Leaf Story

As an artist and as far as I can remember I always fascinated about texture in art. And as I grow older I start to develop a feel for nature and concern about our planet earth. Painting leaves is a way for me to appreciate and a thanks to nature. Leaves may seem ordinary to us. We see them everyday and everywhere we go. They are there but no one take notice of them. And little do we know about them. Besides their textures and colors I love their story; their function to distribute food to the plants and trees, the release of oxygen to the atmosphere so we can continue to live on this planet earth. And many other benefits of leaves to human and medicine. I love their shapes and most of all I love their venations. Their intricate venations and their structure is what I try to paint. It is cumbersome to paint the small veinlets but I am learning and trying to understand their forms.

Finding the perfect leaf to paint is another fun task. I often find them from walking in botanical garden. I search and look carefully on the ground for the perfect leaf to paint. I particularly look for an interesting shape, colors and especially textures. The decaying part plays an important role in my art. Through leaves, I paint the beauty of aging. Symbolized of all living thing that one day must go through a process of aging. I know some people may not appreciate a decaying leaf, but I can almost picture the large-scale art of the leaf hanging in people’s wall home. I can see the art is connected to the owner and blend in with the room interior decor. I wanted it to be an art as well as a simple gesture of appreciation to nature.

The process is long. Once I decided which leaf to paint, then the drawing process starts. It is a long tedious work because I have to capture all the details.

I get very excited when the painting process begins. Before laying my first color, I mix and match all colors to the original leaf. Patience and ambition are the keys. There are no secret techniques to paint these leaves. Apart from knowing the “basic techniques on how to paint with watercolor and a lot of practices beforehand.” I just work very hard to capture the original look of the leaf. So yes, there are a lot of steps and preparations before you even begin to paint. Since these arts painted with extra careful - it takes 3 to 4 weeks to finish.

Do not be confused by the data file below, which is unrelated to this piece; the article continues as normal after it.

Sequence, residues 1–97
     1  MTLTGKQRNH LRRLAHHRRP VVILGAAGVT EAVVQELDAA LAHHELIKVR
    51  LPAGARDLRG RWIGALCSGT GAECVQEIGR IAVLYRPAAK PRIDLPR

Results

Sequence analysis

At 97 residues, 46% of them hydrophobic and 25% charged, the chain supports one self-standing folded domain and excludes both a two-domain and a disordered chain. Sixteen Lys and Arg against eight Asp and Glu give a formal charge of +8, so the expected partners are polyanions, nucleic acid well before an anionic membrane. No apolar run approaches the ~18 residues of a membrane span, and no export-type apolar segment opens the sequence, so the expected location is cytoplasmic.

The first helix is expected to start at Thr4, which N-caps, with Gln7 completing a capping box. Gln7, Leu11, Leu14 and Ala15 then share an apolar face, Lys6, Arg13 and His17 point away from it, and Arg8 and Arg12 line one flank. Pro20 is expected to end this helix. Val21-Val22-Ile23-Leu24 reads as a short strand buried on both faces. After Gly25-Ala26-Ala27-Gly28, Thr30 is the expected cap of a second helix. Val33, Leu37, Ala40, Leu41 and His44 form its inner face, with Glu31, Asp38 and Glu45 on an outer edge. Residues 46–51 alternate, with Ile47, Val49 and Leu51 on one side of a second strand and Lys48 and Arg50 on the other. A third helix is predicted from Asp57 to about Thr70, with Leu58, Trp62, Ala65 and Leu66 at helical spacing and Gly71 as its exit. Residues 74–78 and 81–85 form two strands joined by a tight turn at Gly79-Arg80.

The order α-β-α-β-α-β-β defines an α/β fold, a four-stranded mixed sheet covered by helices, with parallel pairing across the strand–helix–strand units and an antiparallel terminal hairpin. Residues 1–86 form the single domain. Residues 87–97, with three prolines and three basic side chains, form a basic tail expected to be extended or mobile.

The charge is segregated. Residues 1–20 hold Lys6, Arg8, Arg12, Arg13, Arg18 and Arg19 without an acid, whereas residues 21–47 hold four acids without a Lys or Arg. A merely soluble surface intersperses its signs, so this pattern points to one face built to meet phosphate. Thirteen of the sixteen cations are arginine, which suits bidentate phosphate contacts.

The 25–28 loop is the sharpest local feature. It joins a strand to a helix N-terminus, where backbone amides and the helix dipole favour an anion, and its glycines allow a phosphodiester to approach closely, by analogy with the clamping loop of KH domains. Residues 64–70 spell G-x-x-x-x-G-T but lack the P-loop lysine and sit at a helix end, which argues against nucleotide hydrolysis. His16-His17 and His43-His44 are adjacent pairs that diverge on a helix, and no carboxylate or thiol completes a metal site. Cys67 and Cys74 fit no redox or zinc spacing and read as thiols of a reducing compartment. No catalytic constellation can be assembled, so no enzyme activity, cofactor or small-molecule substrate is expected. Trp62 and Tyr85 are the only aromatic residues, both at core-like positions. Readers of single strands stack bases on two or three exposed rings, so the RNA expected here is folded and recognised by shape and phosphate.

When travels I always try to find a time to go to a local botanical garden. It is my happy place - especially when I found the perfect leaf that only grow in that particular area.


Below, are the original leaves I painted out from.

Some of these leaves might lose it bright colors and starts to fade.

There are many ways to approach and paint these leaves. Light source plays an important role as to how the leaf will look. The light coming from different directions has different effects and looks to them. The “green leaf” and “brown skeletal leaf” I painted with light illuminated directly from behind them. Being illuminated, I can see and painted the smallest veinlets and it’s finest details. Those leaves will look different if the leaves just lay flat on the table with an ambient light illuminate them. It is a different way to capture the detail and style of the leaf. A lot of the leaves below I painted with ambient light as well.

While most of them painted on the front side, the “brown dried curled leaf” is a leaf painted on one side then painted on the other side positioned next to each other. Hence, almost a mirror image composition.

Occasionally I’d like to play with composition and create a profile leaf. I would take a small part of the leaf and blow it up to a large size and just paint that portion.

On another occasion I painted the leaf on it back side. Why? It is because, after observing the real leaf, sometimes I feel the backside and the details are interesting to paint than the front side.

These are the highlight on how I created these arts. Although it takes a long time to create, I always have a sense of an immense pleasure from the process of creating each leaf from the start to the end.